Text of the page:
Theo Waigel, Germany's finance minister at the time when the European currency was about to be launched, had no doubt about the euro's Germanic lineage. At a bitter-sweet commemoration of the German mark's 50th anniversary – and its impending demise – in 1998 he proclaimed to his doubtful compatriots that "Der Euro spricht deutsch" (the euro speaks German).
That's what it took to convince Germans to part with their trusted and beloved mark, and to relegate their revered monetary authority (Bundesbank) to the regional office of the European Central Bank (ECB). But Waigel and his boss, the former Chancellor Helmut Kohl, took no chances. Doubting that they would have the votes to win a referendum, they pushed the introduction of the euro without consulting public opinion.
Today, the German Chancellor Angela Merkel would have no such problem. In the last elections on September 22 of this year, only a tiny and marginalized party (Alternative for Germany), with 4.7 percent of the popular vote, wanted the country out of the monetary union.
In spite of the financial crisis, Germans apparently believe Ms. Merkel when she tells them that "the euro is good for us." And it is. Last year, the depressed euro area still took 40 percent of German exports and accounted for the same share of German trade surpluses. Thanks to the euro, Germany can comfortably finance its public debt at an interest rate of 1.74 percent, and record-low costs for consumer and mortgage loans resonate nicely with the German public. Only the good old Bundesbank keeps railing against too much of a good thing.
That bounty is in sharp contrast with high unemployment and rising poverty in France, Italy, Spain, Portugal and Greece, whose recessions were allegedly aggravated by Germany's dilatory crisis management and a harsh punishment with devastating austerity policies.
Germany ignoring trade adjustment obligations
With its large trade surpluses and perceived as playing up its "safe haven" appeal to attract capital fleeing the rest of the euro zone, Germany was not only seen by many observers as being insensitive toward its closest trade partners, but was also accused of violating the rules of international trade adjustment.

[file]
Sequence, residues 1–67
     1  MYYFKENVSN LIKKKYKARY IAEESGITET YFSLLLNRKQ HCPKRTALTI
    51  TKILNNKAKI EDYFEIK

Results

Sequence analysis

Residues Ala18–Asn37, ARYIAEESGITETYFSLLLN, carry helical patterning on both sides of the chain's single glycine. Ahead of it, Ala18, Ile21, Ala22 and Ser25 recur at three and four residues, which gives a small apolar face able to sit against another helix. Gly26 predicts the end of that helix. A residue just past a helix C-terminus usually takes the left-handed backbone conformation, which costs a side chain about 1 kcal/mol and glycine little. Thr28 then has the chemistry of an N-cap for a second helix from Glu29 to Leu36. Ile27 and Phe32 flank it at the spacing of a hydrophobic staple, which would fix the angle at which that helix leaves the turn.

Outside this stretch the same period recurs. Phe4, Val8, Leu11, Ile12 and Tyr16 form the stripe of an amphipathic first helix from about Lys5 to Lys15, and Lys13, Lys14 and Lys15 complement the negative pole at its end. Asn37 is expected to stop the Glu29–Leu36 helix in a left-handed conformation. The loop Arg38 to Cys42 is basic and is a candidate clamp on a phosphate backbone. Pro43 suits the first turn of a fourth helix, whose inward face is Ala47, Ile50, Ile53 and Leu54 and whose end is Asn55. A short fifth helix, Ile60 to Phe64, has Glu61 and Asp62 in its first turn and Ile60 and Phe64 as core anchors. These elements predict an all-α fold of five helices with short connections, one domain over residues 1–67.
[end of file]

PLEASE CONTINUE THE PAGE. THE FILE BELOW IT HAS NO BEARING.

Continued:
What are these rules? They are simple, robust, symmetrical and routinely followed in IMF and OECD policy consultations with their member countries. Here is what they say: countries running external surpluses, low budget deficits (or balanced public sector accounts) and low inflation have to stimulate domestic demand, while countries with trade deficits, budget gaps and high inflation have to cut back on domestic spending.
(Read more: Why euro zone slowdown should worry the world)
According to these rules, Germany had been consistently living off its trading partners while dressing that up as the self-proclaimed "virtue" of wise and prudent economic management. Over the last eight years, for example, here are Germany's average annual readings for macroeconomic indicators pointing to the need of trade adjustment: (a) current account surpluses of 6.6 percent of GDP, (b) budget deficits of 1.2 percent of GDP and (c) consumer price inflation of 1.8 percent.
Clearly, all these years Germany had the obligation to bring down its large trade surpluses by spending more so that its main trading partners could sell it more and avoid quasi structural trade imbalances on their German trades. In fact, an appropriate trade adjustment (for both surplus and deficit countries) is a must in a monetary union to prevent instabilities which inevitably lead to major financial crises.
US Treasury doing the euro area job
But the euro area countries – and the EU Commission – failed to implement the economic policy coordination that could have prevented the huge waste and suffering they will experience for years to come.
(Read more: ECB cuts rates to new low of 0.25%, euro sinks)